Getting to the top of the 5th pitch
Overhanging slot ...The V SLOT! How is it gonna be?!
Steep and crazy! Check out the tag line to understand HOW steep it is.Me gettin into the V Slot :) This pitch was probably the technical and the wild factor crux. WILDER than the Harding slot! :) 
Get me the hell out of here, 2 hours later!
Brian getting through the overhanging flare

Above us, was a steep corner that culminates with an overhanging flare. A chimney reminiscent of the notorious Harding Slot guards the path to the summit. It was my turn to rise and shine. After the burly flaring hand and fist crack pumped me out to an absolute limit I was facing the overhanging slot. What happened next, will remain a mystery and only those who repeat the route will know if you are able to climb it as a squeeze, offwidth through an overhung flare, face climb or do all of the above. What matters more, is that it was the wildest pitch of my life. A pitch that drained me for two hours and spit me out to the base of the final obstacle - 40 feet of unprotected face climbing to the smooth summit pinnacle.

In the notch, I saw a part of an ancient rappell anchor that likely belonged to the members of the Rock Climbing Section of the Sierra Club. They claimed an ascent of these towers from the North, in 1953. As I started up the face, I expected the top to have an anchor as well, or some sort of a crack where I could make one.  When I climbed up the smooth and unprotected 5.7-8 face climbing, the top was as featureless as the bottom. I sure as hell was not gonna down-climb back to the notch risking death, so I doubt anyone did climb the actual summit in 1953. I drilled a single bolt on top and belayed Brian, who found the pitch as wild as I did. We drank the last of our water and had no more food to enjoy. All that was left is taking in the views and getting a breather after getting utterly zonked out by the monster route we discovered. WOW. Than, we had to find a way down off the formation, hike over the col, pick up the camp, hike back over the pass and find the way down to Hamilton Lake. We had no food, but at least there was more water and we had enough daylight - glass half full!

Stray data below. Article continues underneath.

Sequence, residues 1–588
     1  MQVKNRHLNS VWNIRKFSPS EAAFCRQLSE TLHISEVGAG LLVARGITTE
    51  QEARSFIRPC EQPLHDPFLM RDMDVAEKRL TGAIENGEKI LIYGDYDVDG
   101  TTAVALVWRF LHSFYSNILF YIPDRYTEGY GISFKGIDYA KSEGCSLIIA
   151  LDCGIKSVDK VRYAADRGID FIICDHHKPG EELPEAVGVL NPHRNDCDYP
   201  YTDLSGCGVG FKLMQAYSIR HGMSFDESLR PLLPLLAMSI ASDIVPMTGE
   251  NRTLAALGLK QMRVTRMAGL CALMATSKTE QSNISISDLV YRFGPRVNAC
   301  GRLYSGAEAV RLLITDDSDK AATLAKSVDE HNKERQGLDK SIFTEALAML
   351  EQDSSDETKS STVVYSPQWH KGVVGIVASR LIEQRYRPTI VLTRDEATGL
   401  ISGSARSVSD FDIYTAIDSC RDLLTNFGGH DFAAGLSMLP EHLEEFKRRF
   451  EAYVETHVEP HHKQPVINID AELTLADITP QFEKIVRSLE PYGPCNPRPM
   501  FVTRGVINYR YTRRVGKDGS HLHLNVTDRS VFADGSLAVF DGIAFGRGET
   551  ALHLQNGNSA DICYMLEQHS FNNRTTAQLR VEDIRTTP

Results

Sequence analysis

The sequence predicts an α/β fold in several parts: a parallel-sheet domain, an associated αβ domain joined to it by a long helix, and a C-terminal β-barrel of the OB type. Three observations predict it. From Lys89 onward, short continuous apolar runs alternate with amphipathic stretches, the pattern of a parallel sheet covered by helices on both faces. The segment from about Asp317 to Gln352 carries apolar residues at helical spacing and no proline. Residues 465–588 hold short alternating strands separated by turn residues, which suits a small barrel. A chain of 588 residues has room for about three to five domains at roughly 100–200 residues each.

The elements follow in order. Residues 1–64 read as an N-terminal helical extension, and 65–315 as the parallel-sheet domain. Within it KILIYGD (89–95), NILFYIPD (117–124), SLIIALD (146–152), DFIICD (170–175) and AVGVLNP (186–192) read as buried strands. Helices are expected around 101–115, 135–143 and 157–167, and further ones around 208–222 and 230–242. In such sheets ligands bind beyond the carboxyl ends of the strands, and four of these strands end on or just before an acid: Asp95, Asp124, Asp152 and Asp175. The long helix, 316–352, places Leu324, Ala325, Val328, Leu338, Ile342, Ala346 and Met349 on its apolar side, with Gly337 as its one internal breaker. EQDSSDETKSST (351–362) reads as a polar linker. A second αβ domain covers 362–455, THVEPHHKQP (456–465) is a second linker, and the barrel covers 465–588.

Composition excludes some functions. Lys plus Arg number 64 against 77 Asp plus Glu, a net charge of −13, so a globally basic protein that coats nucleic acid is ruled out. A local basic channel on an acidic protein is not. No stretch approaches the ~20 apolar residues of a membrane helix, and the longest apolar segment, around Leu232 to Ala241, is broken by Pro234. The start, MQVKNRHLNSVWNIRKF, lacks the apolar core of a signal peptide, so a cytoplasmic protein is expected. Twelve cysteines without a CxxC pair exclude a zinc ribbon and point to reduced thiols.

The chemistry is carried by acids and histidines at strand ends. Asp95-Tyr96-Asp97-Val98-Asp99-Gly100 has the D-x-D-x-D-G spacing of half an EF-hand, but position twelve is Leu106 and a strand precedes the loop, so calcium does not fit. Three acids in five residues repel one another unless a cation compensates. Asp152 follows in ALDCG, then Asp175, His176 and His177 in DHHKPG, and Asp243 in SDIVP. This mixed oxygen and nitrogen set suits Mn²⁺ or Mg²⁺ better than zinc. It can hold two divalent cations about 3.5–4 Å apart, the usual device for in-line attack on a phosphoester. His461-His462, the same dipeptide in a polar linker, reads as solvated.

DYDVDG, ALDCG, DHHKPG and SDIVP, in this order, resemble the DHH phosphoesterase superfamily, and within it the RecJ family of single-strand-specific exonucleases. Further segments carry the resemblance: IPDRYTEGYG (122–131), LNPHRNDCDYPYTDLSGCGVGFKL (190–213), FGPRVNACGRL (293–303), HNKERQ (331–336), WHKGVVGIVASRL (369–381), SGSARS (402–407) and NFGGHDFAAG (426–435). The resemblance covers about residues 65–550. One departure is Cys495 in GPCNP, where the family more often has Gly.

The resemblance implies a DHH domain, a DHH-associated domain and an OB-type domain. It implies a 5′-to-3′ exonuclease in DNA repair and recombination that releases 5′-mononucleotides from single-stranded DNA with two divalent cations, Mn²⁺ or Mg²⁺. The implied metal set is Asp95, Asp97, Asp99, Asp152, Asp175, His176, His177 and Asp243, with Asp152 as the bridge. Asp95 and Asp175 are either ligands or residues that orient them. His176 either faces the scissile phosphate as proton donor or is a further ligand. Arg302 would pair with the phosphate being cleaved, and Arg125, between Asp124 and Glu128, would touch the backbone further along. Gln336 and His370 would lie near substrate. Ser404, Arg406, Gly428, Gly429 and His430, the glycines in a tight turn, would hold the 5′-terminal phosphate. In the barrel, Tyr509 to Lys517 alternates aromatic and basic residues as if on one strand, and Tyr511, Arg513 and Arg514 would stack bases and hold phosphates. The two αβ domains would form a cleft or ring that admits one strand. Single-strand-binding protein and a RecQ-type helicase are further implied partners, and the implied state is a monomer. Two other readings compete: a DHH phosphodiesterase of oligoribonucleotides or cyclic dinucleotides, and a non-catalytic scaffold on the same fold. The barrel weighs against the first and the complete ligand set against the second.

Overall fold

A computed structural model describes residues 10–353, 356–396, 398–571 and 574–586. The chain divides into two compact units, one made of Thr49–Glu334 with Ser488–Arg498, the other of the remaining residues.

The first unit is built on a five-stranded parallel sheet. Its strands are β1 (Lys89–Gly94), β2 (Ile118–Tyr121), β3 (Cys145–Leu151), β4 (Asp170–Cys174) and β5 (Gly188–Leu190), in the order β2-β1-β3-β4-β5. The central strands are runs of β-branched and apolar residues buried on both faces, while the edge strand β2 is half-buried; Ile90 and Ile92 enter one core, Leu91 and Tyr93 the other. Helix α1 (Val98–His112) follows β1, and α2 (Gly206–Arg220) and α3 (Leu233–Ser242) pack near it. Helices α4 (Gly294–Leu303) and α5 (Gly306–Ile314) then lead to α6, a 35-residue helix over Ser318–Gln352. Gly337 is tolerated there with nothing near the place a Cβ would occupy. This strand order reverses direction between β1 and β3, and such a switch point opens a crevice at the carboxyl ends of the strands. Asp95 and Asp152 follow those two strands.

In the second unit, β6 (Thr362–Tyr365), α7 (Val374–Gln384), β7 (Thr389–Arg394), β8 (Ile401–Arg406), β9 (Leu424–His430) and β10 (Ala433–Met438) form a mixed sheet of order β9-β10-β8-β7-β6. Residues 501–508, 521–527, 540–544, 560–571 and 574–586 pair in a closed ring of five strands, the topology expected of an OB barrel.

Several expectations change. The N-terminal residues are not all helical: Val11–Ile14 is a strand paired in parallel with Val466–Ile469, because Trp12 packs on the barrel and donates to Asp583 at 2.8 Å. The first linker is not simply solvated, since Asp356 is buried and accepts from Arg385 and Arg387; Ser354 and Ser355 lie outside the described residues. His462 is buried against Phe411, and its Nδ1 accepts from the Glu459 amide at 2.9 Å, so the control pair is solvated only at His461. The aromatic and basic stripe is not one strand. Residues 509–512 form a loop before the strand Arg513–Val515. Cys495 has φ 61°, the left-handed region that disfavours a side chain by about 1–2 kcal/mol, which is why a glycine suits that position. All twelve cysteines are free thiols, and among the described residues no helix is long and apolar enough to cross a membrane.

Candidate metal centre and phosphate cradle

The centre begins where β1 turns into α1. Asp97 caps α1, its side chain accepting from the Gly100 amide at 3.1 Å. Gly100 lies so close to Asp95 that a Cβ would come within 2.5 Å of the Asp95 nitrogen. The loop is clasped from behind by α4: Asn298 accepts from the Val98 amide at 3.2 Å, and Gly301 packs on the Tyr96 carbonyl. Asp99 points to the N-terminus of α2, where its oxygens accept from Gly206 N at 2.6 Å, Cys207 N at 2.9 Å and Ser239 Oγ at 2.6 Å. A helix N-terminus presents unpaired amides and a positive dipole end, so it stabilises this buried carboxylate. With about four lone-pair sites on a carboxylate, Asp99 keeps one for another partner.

Five First Ascents in five days and we were not done yet! :)
Brian climbing up to the top

Me on the summit (by Brian Prince)
The Serpent's Tooth is the obvious steep face on the right. The big one on the left, we climbed and dubbed The Rowell Tower (report to come later). As seen from Eagle Scout Creek Dome.
For the most part, the quality of the rock and the climbing was great. If this formation was in the middle of Yosemite, crowds would fight for the right to go up first. Knowing that it is miles away from the trailhead, I would be fairly surprised to hear about the second ascent happening in the next few years. I would say it is a bit wilder and burlier than Astroman, but not as long. The exposed summit block and the direct line of the climb, of course is unmatched. The views of other spires, domes and high sierra peaks are priceless as well. A five star backcountry route!

Sunday, October 18, 2015

Cherubim Dome: TWO NEW ROUTES!

Dark Angels Have More Fun (IV 5.9+ R - 1,800 feet)
                 FA: Musiyenko, Vitaliy and Adam Ferro

             What Dreams May Come (IV 5.10 R - 1,500 feet)